Stories That Pack a Punch

July Reading Tips
July 1, 2020
Paul Hamline

Jesus stands out as a master teacher. As we begin reading the gospels in the month of July, we will hear many teachings of Christ and see many methods He uses to teach others. In this article we will consider one of Jesus’ primary methods of teaching through parables. In Matthew 13:3 it says, “And He [Jesus] spoke many things to them in parables . . .”  
To help us better understand this genre of Scripture, we will look at the nature of parables, how parables function, and the process of discovering the punch of the parable or its message, truth, lesson, or admonition.
Let’s begin by looking at the nature of parables. The Greek term for parable is “parabole.” This term is found to consist of four primary types or varieties of parables.  A parable can be a short story designed to teach us a principle. A good example of this would be the story of the Good Samaritan in Luke 10:30–37.  A parable can also appear as resembling something or to be like something. Jesus would often take an item from everyday life to represent a likeness to a spiritual principle. Jesus taught in Matthew 13 that the natural activity of sowing seed is similar to proclaiming the Word of God. A third characteristic of a parable appears in the form of a metaphor which is a word or phrase that is applied to something but is not actually true of that particular thing. In Matthew 5:13 Jesus tells His disciples, “You are the salt of the earth,” The last characteristic is likely not as familiar to readers, and it is what is called an epigram. This type of parable is more like a proverb or pithy saying. In Matthew 7:16 Jesus talking about identifying false prophets states, “Grapes are not gathered from thorn bushes nor figs from thistles, are they?”
Let’s take a moment and look at the function of parables. When we speak of the function of a parable, we are saying that a parable has an action or purpose for which it is used. There is an attitude we should implement or an action we should take. Fee and Stuart state that parables, particularly “story parables function as a means of calling forth a response on the part of the hearer.” A parable is employed as a way to zing the listener. It is used to catch the listener up short.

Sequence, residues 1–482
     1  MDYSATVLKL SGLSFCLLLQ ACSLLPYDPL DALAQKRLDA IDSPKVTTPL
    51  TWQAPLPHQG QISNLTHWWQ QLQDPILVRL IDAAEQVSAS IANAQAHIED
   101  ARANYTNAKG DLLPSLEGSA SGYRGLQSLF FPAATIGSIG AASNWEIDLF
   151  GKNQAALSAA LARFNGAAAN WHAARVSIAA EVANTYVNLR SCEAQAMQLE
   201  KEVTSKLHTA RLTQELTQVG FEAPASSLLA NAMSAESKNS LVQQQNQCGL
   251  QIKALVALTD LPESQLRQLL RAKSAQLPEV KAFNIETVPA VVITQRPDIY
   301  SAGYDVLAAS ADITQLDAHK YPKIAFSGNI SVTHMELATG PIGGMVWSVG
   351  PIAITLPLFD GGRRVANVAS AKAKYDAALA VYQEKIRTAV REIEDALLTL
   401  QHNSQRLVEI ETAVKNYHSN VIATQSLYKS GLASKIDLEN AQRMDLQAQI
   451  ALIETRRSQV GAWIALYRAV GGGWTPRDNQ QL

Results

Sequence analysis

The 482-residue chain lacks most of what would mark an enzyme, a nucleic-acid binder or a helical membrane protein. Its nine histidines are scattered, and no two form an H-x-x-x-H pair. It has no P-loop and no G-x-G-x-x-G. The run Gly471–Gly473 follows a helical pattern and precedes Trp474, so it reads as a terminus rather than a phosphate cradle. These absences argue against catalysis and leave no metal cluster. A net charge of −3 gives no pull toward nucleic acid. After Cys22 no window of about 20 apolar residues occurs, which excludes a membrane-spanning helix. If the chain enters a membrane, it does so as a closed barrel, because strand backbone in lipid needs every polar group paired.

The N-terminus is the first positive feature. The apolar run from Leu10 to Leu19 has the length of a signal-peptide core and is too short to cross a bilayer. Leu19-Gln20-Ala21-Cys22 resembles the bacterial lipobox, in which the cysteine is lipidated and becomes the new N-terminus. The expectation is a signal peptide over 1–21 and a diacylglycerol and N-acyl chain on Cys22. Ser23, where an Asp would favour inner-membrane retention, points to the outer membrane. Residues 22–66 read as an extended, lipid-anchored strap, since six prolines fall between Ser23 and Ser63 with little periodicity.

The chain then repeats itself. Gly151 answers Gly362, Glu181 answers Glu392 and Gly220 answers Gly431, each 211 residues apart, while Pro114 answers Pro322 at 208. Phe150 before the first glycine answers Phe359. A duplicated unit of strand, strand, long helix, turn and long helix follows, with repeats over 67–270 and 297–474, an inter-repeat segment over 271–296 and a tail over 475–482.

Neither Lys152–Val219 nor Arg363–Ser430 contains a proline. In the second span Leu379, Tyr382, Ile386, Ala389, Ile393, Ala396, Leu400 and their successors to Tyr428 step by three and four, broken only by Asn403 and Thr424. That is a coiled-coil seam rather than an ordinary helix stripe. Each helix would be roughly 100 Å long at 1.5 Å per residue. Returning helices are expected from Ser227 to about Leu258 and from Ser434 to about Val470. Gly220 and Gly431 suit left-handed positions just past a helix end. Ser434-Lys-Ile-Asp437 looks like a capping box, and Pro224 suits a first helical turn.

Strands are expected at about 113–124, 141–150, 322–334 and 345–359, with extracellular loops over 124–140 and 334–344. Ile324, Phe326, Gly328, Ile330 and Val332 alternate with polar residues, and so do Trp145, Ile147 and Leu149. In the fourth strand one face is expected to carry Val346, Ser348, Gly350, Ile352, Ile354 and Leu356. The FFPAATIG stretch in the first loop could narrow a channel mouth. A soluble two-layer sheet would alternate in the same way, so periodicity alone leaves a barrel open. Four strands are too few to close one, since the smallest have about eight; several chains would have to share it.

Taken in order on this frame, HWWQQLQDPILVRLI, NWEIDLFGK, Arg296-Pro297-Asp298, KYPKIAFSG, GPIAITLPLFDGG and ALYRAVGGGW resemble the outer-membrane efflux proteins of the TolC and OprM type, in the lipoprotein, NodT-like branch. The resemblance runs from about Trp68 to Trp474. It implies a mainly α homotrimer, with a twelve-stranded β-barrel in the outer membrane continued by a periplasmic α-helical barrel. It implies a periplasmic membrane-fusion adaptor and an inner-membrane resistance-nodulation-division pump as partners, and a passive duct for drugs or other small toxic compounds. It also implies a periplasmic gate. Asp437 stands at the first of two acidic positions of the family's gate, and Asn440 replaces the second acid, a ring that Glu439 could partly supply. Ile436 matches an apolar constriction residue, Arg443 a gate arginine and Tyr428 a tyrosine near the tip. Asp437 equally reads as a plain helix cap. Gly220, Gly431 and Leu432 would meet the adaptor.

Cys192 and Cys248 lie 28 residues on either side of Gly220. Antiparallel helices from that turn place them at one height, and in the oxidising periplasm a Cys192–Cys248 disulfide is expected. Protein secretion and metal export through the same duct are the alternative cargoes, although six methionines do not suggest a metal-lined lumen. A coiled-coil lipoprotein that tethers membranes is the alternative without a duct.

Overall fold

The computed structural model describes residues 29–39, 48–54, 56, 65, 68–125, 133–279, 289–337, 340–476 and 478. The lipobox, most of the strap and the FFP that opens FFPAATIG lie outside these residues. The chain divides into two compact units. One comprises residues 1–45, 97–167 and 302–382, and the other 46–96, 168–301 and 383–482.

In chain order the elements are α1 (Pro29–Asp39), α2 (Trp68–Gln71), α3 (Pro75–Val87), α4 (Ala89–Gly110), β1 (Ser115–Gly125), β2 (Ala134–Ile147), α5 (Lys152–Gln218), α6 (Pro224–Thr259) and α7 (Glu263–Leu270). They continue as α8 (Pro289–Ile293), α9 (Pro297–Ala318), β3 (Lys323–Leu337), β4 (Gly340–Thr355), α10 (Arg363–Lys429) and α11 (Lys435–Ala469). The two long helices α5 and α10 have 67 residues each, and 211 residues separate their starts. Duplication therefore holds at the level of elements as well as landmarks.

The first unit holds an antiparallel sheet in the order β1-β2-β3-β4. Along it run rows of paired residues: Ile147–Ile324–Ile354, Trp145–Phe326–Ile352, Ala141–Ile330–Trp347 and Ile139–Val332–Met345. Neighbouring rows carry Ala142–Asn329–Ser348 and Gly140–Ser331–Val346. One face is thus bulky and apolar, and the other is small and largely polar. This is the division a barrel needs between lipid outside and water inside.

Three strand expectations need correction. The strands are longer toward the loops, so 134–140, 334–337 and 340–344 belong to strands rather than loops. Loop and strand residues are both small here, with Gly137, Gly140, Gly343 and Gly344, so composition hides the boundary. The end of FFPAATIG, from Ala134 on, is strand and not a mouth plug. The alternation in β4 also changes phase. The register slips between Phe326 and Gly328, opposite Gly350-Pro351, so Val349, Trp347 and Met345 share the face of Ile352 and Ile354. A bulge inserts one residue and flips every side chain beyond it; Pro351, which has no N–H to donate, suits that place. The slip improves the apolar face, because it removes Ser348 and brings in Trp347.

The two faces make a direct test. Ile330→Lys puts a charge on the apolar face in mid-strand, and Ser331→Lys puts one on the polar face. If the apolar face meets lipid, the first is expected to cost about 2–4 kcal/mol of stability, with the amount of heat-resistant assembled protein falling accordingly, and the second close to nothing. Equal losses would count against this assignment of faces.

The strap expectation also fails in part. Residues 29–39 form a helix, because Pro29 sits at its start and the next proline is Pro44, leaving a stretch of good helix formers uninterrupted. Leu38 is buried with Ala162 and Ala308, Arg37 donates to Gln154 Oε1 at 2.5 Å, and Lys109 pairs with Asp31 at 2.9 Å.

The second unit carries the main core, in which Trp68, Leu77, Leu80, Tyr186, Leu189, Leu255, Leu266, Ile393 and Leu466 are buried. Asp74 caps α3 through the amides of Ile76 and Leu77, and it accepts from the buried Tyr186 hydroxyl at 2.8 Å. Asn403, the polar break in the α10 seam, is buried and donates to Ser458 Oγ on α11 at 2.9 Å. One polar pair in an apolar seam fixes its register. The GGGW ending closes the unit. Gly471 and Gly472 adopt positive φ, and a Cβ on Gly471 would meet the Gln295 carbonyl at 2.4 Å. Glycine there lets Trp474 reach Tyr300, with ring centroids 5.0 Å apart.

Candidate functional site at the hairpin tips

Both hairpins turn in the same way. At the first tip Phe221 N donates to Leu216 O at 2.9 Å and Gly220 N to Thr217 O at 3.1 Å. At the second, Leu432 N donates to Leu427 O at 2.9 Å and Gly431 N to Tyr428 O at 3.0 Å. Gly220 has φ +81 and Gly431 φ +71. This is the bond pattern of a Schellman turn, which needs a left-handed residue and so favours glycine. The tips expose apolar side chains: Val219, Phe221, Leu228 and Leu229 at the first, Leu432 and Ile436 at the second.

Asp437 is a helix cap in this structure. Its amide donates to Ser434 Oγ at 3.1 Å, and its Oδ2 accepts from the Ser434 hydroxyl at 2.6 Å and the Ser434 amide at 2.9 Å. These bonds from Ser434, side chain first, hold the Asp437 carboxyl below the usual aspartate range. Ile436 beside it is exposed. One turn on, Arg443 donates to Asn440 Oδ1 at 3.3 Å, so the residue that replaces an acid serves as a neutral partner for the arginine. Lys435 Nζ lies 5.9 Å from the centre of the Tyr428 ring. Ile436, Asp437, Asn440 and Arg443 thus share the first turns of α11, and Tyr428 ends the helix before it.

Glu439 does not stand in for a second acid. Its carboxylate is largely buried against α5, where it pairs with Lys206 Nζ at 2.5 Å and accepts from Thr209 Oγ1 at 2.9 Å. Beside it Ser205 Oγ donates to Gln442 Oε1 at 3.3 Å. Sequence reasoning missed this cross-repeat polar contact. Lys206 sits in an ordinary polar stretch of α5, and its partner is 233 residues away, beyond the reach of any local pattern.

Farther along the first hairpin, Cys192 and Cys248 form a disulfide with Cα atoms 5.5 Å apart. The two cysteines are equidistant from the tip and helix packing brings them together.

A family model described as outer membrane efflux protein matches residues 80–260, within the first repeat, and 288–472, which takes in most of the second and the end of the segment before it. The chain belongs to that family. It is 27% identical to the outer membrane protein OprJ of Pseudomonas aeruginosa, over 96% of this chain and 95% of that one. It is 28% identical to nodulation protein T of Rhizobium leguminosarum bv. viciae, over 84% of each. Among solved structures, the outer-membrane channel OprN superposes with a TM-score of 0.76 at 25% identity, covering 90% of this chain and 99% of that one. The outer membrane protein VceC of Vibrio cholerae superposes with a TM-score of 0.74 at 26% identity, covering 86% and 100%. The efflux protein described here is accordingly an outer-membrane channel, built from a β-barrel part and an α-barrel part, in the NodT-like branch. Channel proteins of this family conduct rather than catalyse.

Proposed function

Finally, let’s consider the process of discovering the punch of the parable by considering the following general principles: (1) Read, read, and reread the parable. (2) Determine the occasion for the story. (3) Look for the main points of the parable. Most parables will have from one to three main points.  (4) Do not assign meaning to every detail in a parable. (5) Jesus used people and plants that His hearers were familiar with and could identify with. So, as you read a parable ask yourself, “What is it that the original hearer would have connected with?” Let me illustrate using the parable of the Good Samaritan in Luke 10. The occasion is a lawyer asking Christ what he must do to inherit eternal life.  Jesus then tells a short story parable to address the lawyer’s question about inheriting
eternal life.  Jesus uses an actual road that went from Jerusalem to Jericho as the setting for his parable. It was quite common for thieves to attack people as they traveled this road. The people were very familiar with the road Jesus was talking about and very aware of the potential of being attacked on that road. Next, he describes the condition of the man who had been attacked, and the people could identify with the injuries he suffered. Then Jesus introduces three familiar people, “a priest, a Levite, and a Samaritan.”  The people understood the implications of each of these people. The priest is a servant of God and the Levite is a servant of the priest with both possessing a knowledge of the law of God regarding how to love your fellow man. Yet, both passed by him. This is stunning to the people. Then comes “a Samaritan,” a representative of a group of people hated by the Jews and who hated the Jews in return. He comes and does what the people would have expected the priest and Levite to do. In turn the priest and Levite do what they would have expected the Samaritan to do. Finally in verse 37 Jesus drives home the point saying, “Go and do the same.” The point is that man himself is incapable of doing this every time. His propensity is to care for himself. So, Jesus is driving home to this self-righteous lawyer his inability to fulfill the Law and his need for salvation in Christ. His teaching packed a punch!  So, enjoy the parables you read in the coming days and be like a sponge absorbing all you read!
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